So I finished this a bit before Christmas and now I’ve had the chance to get my thoughts in order and also somehow found enough free time to actually write them down too!
If you want the short version of my thoughts on this new Chinese RPG I’ll sum it up like this – beautiful game with a great plot that unfortunately overstays its welcome.
Well… sort of. There’s not anything wrong with any individual scene, or even with the overarching plot, but there’s just so much that even someone like myself who grew up reading The Lord of the Rings and likes the text-mountains in Falcom’s Kiseki series got a bit fidgety once the (charming, interesting) characters started to talk amongst themselves. The philosophy behind the writing seems to be “If we can write a great ten minute cutscene, can you imagine how amazing a thirty minute cutscene would be?!”.
These scenes are mercifully skippable and they’re even gracious enough to give you a short text summary of whatever you just glossed over, but with a game as wonderful as this one is it’s a shame to feel forced between making actual progress this evening or seeing the full visual splendour that they’ve obviously gone to great pains to create.
Which brings me to Gu Jian Qi Tan 2’s other major issue – graphical performance. Their design work is impeccable and if you’ve got the PC to run it seeing the sun break through the leaves of a tree and light up Wuyi’s gorgeous face is truly a wonderful sight to behold. The problem is that you almost certainly haven’t got the PC to do that and run the game at not-slideshow settings.
This isn’t just a case of sour grapes from a laptop user, but a genuine technical issue with the game. It never runs as well as it should, no matter how many fancy effects you turn off. You’d expect that setting the game up with sub-PS1 textures and a draw distance that barely extends a few feet ahead should get the game running decently on most modern systems, but the game still feels like it’s struggling. Likewise turning on most of the fancy things doesn’t hit performance as heavily as you think it would, and after much fiddling the whole way through the game I never felt I’d hit that sweet spot where the game was running as best it could with the tools I’d given it – something of a problem when your game’s being outperformed by (launch) Final Fantasy XIV, don’t you think?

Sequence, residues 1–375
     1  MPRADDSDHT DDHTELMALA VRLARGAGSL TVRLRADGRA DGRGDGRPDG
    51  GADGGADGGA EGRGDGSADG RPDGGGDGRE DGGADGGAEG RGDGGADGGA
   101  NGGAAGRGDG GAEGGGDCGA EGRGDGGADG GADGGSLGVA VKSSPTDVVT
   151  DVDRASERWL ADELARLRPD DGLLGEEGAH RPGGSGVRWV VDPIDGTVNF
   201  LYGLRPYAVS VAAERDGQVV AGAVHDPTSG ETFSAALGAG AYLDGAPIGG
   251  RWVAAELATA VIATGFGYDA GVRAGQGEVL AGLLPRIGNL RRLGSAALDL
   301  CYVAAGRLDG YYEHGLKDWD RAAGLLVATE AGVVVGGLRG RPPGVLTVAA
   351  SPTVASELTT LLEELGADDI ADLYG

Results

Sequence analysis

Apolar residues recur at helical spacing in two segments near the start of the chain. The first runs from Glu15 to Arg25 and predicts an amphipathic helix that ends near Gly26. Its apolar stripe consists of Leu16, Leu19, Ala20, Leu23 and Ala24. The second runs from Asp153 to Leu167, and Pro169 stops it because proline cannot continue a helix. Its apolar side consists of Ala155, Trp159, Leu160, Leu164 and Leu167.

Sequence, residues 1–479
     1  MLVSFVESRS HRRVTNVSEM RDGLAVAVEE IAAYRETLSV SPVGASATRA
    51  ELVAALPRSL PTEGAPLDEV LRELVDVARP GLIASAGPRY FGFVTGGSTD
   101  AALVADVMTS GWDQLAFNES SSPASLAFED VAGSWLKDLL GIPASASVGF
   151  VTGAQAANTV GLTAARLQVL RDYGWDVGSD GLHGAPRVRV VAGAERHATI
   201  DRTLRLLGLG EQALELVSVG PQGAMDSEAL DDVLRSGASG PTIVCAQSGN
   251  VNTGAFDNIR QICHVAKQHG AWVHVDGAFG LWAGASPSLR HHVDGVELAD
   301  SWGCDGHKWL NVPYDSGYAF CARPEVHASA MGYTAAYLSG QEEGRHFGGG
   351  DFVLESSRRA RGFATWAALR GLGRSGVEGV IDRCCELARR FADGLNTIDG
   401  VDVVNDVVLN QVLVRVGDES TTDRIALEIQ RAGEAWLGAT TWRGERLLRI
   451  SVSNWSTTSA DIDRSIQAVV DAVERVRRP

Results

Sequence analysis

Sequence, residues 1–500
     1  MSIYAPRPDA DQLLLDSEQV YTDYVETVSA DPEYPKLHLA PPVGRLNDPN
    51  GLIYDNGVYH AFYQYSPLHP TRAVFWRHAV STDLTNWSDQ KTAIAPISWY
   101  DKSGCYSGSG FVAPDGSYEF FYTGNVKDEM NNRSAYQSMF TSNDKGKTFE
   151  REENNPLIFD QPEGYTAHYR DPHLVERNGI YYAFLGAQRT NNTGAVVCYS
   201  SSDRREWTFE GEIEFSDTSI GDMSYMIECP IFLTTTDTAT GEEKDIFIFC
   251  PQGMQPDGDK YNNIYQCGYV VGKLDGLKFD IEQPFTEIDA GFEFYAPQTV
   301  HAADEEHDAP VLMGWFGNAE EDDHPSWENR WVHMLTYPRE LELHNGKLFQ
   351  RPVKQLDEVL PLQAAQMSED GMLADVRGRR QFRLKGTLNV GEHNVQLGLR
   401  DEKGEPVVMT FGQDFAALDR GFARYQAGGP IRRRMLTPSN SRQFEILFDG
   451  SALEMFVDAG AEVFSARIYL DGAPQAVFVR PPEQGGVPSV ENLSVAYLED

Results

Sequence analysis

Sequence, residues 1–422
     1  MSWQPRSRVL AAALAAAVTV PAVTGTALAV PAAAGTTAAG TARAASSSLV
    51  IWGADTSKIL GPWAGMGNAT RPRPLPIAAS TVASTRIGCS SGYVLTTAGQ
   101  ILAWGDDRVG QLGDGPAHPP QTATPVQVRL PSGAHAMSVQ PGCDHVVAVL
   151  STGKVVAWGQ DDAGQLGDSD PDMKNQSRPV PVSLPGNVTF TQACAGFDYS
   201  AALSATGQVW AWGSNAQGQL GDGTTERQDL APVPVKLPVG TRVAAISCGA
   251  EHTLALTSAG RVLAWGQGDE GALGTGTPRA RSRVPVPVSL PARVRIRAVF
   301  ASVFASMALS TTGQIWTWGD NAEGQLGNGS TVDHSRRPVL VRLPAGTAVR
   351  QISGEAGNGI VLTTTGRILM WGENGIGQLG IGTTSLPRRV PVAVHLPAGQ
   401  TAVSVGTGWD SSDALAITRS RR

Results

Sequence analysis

This all sounds a bit negative and that’s unfair – there’s an excellent plot in there, it’s just a bit bloated, and the graphics are beautiful, but the programming behind them appears to be absolutely awful. The battle system’s good fun if you ever get it running at full speed and the real-time platforming/flying/swimming and QTE sections are generally brief and exciting rather than jarring gimmicks.
So to wrap this up – it was worth the wait. The original Gu Jian Qi Tan had the unenviable task of both setting up a new series from an freshy-minted developer and also taking on the latest entry in the one of biggest Chinese RPG series of all time. This sequel proves that Aurogon can produce a quality single player RPG as a matter of course and I look forward to their next one as eagerly as I did Gu Jian 2. But – there seems to be a habit of Chinese RPGs launching with terribly optimised engines; and this is especially unforgivable considering their games are only ever released on PC. Piracy is a real problem in the Chinese market and developers like SoftStar and Aurogon can’t keep expecting gamers who take the time to purchase their games legitimately to fight through the DRM (although in fairness Gu Jian 2’s is better than most) only to then find the game doesn’t run half as well as it should. The boost in graphical quality in recent years is a welcome one and something that Chinese game artists are using well, but the programming side of these teams need to be up to scratch too.